The commission is Judith Tizard's legacy as the first (and one would suspect last) "Minister responsible for Auckland". What a disaster she proved. She did so little that her sinecure was wound up last year and everything she should have been doing all that time was rolled into this commission. I note that the latest Metro magazine has an article which got five political journalists to rate Auckland MPs and she was ranked a 1 out of 10 - along with only three other MPs.

    Also please note the reporting date is set at 1 December 2008 - which means after the election so as not for their recommendations to become a political issue, or any criticism of the last nine years of relative inaction to become a talking point. Given they have sweet FA on their website right now and must be at the staff recruitment stage and that they would need at least a month or two to digest and form their opinions and write their report we could see the public hearings part of the process occurring, at a guess, around May to August.

    Fidel Castro's retirement - the Cuban perspective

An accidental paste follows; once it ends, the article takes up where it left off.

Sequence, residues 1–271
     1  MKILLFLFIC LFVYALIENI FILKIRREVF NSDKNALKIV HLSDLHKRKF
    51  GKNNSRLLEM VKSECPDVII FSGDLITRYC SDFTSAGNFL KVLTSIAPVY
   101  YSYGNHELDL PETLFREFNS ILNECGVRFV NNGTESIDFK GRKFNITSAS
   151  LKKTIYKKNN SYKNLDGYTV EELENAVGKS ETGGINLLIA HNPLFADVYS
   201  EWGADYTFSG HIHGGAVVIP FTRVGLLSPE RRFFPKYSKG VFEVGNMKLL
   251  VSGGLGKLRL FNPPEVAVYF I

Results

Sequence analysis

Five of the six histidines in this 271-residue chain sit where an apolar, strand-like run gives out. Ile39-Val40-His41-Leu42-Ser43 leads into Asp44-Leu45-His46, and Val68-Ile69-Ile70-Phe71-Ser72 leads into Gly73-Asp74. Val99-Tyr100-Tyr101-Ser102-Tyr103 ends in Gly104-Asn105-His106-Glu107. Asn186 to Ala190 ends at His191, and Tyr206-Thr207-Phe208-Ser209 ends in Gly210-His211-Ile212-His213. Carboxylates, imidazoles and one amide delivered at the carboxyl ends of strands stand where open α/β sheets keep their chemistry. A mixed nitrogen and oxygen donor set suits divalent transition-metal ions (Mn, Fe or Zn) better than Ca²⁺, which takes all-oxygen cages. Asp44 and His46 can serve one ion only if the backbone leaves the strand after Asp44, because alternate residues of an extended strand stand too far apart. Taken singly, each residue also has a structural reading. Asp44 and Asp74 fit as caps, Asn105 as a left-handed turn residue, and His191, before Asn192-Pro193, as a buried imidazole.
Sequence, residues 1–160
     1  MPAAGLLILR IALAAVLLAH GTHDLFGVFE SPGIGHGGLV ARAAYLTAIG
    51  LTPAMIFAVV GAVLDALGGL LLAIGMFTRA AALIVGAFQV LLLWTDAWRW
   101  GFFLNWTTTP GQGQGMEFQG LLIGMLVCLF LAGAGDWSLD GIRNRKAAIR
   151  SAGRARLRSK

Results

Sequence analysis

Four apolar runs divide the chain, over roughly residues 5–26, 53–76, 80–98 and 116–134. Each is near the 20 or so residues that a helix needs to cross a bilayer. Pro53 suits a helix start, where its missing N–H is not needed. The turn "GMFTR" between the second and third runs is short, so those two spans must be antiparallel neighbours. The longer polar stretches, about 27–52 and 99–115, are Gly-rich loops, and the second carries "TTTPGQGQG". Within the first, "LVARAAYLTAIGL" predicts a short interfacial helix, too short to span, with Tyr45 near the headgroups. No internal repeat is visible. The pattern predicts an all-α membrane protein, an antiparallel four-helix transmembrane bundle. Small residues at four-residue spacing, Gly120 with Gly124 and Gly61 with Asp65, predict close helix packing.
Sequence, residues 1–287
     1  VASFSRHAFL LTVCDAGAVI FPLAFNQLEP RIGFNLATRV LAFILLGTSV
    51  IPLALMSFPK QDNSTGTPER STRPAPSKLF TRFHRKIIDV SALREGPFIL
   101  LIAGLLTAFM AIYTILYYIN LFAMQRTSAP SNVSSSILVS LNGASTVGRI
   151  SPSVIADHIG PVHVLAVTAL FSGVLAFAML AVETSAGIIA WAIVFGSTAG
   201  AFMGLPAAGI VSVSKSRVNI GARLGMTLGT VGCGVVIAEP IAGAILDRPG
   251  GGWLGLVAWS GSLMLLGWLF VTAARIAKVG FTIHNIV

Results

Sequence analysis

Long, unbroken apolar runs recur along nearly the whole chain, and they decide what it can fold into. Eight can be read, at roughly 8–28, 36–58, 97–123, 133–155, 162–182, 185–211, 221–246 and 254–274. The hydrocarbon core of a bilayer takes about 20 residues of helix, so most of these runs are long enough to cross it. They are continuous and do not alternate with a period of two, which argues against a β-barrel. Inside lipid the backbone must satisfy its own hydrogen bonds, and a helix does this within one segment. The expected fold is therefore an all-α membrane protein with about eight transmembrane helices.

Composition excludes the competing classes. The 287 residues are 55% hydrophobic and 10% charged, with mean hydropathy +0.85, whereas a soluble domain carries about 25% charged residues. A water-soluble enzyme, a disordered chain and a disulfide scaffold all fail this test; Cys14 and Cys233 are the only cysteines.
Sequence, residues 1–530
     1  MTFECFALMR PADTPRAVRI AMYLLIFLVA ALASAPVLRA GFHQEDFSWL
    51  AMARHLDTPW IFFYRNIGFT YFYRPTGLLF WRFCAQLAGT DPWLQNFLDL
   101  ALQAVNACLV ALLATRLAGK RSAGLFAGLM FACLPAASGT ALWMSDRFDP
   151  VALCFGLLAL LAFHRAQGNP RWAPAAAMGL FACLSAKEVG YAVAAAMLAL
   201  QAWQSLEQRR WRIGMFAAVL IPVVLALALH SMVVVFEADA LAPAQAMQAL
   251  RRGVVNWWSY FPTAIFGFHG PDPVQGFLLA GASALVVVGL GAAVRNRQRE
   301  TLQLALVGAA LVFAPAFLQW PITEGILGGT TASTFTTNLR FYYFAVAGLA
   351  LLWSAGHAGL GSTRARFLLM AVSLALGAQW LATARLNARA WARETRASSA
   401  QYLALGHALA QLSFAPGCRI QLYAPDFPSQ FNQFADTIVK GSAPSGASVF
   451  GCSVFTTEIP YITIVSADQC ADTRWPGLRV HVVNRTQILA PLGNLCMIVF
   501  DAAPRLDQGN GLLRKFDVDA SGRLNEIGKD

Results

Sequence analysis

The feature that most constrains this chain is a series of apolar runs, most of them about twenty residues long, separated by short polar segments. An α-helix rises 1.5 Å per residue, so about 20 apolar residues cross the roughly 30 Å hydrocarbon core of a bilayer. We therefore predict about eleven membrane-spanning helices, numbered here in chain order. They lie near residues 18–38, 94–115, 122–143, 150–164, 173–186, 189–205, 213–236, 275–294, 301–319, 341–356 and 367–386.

Surveying some Cuban websites (all government-controlled of course) about Castro standing down you get the impression he is some sort of Confucious-type scientist-revolutionary philosopher-king. The websites are also heavy on nostalgia and the glories of the early revolution - which is quite telling about how they see themselves and what they want to project to the world.

    Images below are linked.

    Cuba's problem was that in order to keep 100% control over everything the Cuban communists had to pretend that the revolution was not a single brief event, but a continuing process - a delicate process that would be derailed and reversed if they let that 100% control slip at any point. To be fair the US did try to invade them and no-one doubts that if the Americans could they would have gotten in and derailed the socialist objectives via their usual tactics of manipulation, threat, invasion, terrorism, assassination, bribery etc. But a revolution that lasts 49 years and still isn't over yet? And the Cuban military will make sure that revolution goes for another 49 years and more if they have their way.